Sunday, July 31, 2016

Tying to the trailer

I had a lesson with Charley yesterday. One of the things I love about working with him is that he is so thorough and the lesson starts immediately. It isn't all about the riding, it is about getting your horse with you and handling your horse in a manner to get it with you.

Yesterday I trailered to Charley, as I want practice taking Pony to new places and learning how to get her to be tuned in to me right away so that we are safe to do anything we want. I was taking her to one trainer's place near me and that was a great set of experiences for both of us; and we went to the clinic in June and that was great, too. I wanted to try somewhere new where she hadn't been before and wouldn't have a day to settle in before going to work, so off to Charley's we went. The lesson started the second she stepped off the trailer.

We started first with a short lesson on getting her attention. That didn't take very long and I commented that I wanted to work on tying her to the trailer. She does well with tying to the tree (hanging tie that Charley set up for me) and she'll stand patiently very well there. But she's also surrounded by her friends in their paddocks (or at least one of them if I take Mac out for a ride) so there's not much to worry about there. I'm also working on ground tying her when I tack her up and she's not too bad with that. But I need help with tying to the trailer because she's apt to paw when she is frustrated or wants something and that could be dangerous at the trailer. So we tied her up.

Charley grabbed a handful of pebbles and we stood near her and she was okay. He had his horse saddled but he wasn't on him yet. We moved a bit farther away, maybe 20 feet or so, and sort of behind Pony. She started getting a little fidgety, and was about to start pawing. Charley tossed a pebble in her direction. She stopped pawing. We stood there talking for a while and he tossed maybe five pebbles her way. She settled down and stood more quietly, although she did move side to side a bit so she could see us out of one eye or the other. Charley then got on his horse and walked away. Now her attention was divided between me and the other horse. I think Charley used up one or two other pebbles. Then he started walking his horse around her and using the horse to get her to move her feet. And then she just stood there and he walked around her, back and forth the length of my rig, and close enough to her butt to reach out and pat her. And she was fine just standing there.

So that was the end of our trailer tying lesson and it didn't take but 15 minutes or so. He did say that for tacking up to not have her tied up for now and just have the rope in my hand or draped over my arm. So I did that and she was very good. BUT. It wasn't about just having the lead rope and she could wander about and wiggle around. It was about getting her in a mindset to stand quietly. So even while I was grooming he had me position her head and get to a good place where her mind was quiet. And same for leading her to the arena. Don't let that quietness go away and her focus go every which way. If it took me 20 minutes to get the quality of leading that I wanted, then 20 minutes it would be. But it didn't take that long. I did stop a couple times and ask her to put her head down and she was very polite.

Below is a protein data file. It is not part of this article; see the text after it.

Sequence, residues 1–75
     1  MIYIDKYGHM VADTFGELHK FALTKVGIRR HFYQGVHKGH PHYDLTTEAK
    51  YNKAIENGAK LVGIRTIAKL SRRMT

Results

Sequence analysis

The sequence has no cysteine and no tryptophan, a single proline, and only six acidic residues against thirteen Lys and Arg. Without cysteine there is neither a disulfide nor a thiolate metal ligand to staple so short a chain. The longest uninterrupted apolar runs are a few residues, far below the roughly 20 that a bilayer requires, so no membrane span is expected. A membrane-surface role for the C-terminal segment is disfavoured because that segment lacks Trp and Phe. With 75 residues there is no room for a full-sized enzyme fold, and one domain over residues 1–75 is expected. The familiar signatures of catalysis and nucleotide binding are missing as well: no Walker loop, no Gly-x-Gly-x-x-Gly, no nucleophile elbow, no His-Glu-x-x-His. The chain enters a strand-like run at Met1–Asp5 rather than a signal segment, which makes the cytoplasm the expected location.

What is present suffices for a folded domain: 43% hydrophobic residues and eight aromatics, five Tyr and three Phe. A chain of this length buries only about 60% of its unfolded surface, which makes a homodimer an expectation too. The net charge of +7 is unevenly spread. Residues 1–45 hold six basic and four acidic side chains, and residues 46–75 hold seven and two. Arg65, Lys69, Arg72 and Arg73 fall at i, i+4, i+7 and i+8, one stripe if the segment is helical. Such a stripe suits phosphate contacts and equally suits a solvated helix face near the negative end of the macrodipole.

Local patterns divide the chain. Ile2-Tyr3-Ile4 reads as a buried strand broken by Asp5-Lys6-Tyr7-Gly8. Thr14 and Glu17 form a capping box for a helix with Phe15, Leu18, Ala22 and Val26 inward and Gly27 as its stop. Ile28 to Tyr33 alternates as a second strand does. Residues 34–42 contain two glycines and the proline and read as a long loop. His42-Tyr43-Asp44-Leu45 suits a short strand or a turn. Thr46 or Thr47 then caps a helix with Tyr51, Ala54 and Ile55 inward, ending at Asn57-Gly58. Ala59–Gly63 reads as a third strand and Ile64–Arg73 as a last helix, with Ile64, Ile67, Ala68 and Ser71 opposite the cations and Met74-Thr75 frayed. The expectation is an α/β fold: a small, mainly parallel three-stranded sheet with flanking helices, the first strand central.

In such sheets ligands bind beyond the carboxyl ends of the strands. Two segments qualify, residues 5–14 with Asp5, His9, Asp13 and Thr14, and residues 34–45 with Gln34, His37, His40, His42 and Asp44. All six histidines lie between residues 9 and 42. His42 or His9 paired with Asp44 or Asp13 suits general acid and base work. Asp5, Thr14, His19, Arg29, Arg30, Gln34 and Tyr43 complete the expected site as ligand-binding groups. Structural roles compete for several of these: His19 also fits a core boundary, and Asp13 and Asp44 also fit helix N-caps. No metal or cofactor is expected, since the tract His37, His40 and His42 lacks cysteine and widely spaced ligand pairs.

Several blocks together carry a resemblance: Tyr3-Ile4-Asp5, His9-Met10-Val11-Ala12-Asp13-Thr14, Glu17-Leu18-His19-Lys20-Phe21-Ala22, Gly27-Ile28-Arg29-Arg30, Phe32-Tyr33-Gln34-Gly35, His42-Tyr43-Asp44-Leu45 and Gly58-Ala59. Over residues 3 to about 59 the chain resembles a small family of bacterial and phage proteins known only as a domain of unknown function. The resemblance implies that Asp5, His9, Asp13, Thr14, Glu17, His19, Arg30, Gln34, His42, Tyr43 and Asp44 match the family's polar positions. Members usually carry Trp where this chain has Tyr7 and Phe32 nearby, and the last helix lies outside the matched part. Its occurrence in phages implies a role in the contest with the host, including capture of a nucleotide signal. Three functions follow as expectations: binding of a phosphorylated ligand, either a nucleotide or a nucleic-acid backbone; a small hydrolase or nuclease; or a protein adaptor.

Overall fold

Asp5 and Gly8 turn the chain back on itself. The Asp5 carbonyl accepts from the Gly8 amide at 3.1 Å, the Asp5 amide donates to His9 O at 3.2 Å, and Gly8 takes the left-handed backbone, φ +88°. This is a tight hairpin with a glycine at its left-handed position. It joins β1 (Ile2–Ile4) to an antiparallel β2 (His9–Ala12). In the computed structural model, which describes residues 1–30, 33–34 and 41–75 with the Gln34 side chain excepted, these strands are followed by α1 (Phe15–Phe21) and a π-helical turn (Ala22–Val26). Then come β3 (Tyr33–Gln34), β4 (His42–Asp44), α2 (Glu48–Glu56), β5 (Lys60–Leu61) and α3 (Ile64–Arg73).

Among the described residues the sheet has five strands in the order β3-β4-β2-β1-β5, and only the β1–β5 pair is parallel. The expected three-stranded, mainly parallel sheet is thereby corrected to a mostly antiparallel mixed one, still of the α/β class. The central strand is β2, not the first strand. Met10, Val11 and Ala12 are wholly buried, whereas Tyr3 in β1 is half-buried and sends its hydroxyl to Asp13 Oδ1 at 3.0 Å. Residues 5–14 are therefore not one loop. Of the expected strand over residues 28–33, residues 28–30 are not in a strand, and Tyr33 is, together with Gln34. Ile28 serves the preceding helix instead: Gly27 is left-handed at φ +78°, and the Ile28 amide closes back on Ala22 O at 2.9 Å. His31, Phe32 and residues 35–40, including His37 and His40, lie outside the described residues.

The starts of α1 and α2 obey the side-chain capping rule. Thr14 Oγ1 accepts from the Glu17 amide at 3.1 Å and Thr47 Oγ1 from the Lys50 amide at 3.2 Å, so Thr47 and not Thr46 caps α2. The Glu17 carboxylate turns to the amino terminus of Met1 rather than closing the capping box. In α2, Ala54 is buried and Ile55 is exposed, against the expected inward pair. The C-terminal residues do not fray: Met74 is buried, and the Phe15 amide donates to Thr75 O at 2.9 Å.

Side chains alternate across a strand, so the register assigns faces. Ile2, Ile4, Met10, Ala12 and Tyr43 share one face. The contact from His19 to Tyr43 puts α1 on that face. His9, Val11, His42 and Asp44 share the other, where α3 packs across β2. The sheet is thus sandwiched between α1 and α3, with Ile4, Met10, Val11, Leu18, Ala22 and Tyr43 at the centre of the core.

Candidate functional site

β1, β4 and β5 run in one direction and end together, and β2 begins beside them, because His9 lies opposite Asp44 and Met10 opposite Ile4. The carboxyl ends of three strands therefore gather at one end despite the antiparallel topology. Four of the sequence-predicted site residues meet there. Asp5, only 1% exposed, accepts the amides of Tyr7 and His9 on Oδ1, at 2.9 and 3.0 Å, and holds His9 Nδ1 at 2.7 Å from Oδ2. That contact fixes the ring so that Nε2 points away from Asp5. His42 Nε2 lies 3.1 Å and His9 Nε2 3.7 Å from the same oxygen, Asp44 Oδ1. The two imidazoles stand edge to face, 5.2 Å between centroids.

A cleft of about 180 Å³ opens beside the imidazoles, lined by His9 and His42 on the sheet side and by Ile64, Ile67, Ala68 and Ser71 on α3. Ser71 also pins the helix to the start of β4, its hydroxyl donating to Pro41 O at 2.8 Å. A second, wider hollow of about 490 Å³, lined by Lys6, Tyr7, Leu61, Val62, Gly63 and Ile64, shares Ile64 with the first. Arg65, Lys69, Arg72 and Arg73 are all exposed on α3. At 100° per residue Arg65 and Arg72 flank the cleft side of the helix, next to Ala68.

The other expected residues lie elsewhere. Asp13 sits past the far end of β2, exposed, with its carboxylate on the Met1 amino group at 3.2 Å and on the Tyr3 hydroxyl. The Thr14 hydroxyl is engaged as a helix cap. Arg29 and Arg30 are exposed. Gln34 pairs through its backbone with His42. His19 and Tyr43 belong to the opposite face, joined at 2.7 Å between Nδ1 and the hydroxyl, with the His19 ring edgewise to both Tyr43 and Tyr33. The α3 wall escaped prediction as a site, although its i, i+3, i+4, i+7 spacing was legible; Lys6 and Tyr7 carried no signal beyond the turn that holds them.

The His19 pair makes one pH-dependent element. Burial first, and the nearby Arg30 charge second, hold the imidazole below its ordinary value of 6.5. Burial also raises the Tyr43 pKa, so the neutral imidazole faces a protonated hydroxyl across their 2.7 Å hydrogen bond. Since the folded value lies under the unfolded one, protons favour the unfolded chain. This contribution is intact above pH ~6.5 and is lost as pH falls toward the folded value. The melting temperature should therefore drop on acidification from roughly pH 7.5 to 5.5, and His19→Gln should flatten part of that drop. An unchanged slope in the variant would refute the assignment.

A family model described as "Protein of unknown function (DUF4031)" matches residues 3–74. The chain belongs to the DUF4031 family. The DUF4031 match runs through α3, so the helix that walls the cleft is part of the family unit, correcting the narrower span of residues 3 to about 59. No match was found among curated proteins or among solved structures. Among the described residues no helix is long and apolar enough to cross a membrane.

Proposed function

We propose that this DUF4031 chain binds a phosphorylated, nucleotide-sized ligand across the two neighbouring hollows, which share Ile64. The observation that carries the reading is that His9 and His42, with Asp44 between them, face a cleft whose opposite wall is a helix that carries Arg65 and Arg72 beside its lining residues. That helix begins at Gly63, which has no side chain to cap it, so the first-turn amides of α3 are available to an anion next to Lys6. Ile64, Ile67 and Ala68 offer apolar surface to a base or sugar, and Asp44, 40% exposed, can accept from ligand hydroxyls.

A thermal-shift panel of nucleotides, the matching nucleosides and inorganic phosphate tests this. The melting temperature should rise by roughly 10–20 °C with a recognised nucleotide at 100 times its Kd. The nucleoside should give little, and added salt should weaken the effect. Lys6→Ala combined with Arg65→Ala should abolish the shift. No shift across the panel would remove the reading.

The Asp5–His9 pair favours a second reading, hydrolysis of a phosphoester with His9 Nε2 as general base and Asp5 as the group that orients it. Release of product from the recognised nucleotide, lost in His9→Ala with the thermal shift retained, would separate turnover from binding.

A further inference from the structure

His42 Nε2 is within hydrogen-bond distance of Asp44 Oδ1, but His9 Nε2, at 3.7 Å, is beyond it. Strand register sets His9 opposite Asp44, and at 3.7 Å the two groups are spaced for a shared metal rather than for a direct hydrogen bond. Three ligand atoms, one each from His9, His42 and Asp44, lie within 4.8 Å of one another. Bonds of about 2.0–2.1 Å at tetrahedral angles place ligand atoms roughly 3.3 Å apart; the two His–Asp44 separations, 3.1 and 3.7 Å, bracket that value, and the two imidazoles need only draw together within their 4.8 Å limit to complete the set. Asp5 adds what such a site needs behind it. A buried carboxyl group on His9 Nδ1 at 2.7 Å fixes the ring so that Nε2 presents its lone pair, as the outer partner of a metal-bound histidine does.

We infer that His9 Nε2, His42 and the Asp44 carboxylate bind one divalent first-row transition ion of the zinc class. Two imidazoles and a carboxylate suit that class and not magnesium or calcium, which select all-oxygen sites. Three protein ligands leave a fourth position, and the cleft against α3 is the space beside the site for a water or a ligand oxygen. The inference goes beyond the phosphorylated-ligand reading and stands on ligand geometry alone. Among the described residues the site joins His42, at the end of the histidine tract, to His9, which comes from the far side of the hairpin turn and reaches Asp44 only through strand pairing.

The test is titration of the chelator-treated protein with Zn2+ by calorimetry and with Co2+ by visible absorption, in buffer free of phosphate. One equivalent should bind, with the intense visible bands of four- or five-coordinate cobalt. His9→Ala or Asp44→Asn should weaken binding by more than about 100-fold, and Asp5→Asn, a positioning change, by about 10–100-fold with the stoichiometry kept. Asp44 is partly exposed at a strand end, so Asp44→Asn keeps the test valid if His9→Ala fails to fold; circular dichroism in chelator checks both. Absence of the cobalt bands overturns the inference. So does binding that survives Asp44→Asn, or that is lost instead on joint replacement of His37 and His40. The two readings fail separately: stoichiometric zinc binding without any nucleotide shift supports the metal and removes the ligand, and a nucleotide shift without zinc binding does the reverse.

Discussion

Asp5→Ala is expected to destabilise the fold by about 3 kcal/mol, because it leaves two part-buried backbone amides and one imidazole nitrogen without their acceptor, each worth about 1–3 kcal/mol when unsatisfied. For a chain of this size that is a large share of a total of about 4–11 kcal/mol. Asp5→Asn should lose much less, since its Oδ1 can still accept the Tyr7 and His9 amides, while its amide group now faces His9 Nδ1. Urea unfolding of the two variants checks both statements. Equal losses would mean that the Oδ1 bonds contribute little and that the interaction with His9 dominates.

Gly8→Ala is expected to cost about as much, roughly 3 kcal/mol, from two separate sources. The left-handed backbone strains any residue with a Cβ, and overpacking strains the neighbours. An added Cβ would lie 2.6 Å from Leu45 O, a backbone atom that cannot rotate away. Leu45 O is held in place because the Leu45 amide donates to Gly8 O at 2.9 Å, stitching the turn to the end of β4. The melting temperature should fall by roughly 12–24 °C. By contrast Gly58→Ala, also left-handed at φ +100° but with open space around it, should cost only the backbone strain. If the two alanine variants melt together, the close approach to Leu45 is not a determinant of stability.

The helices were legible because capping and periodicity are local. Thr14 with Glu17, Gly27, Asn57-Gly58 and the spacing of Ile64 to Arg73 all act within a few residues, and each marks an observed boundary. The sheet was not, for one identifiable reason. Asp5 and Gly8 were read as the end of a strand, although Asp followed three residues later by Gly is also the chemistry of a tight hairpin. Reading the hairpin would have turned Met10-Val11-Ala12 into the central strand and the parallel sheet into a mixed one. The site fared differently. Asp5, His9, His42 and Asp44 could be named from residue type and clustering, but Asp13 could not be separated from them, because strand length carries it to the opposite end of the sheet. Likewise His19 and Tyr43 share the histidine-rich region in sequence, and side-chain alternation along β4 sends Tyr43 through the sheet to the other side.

When we got into the arena we did some ground work of the sort that we've been practicing at home and we worked from one end to the other where there was a scary mirror (oddly placed - it was at the top of the wall, but it was a half wall so it was just a weird visual distraction). She was great and I was really practicing and trying to get certain steps which Charley had shown me and he recognized that so at least I know I'm on the right track!

Then we practiced mounting with me on the block and leading her by and lining her up and having her stand quietly. I got on once but she took a step before I asked her to, so I got off and we practiced some more. I got on again and Charley and I stood there chatting for a couple minutes before asking her to walk off.

Then we practiced the same things we've been practicing at home, but with new distractions - different horses! Dogs! A lady in a wheelchair! Cars on the road! Chickens! And she was very good.

I had to go because I had a schedule to keep, but it was a great lesson!

Wednesday, July 27, 2016


Pony is so smart and cute. I know I've said it before, but it bears repeating. Every time I ride her is better than the last; and if it isn't, then it is my fault.

When I work her, I try to keep it interesting and varied. I usually start with some ground work, do some arena work, then some trail. Today the ground work was working on her feet, as with going back to a dry lot for most of the day she was getting some chips that I wanted to smooth out.

Today's arena work was mostly at the walk. I'm practicing things that I've been working on in my lessons and that I observed at the Buck Brannaman clinic. Today we did the tear drop pattern and also the "can you stay on a circle without me directing your every step" exercise. The teardrop pattern was very good. The circle exercise was mediocre but we did make improvement. Since I don't want to drill her, I found a good place to stop with that and moved on to something else. We did just a bit of backing and she was nice and soft, so that was that. We did some trotting and that is getting much better - she is keeping a rhythm, the shape of the circle is actually staying in the shape of a circle, she isn't trying to go back to the barn, and we can do figure 8s and change rein and she feels pretty balanced!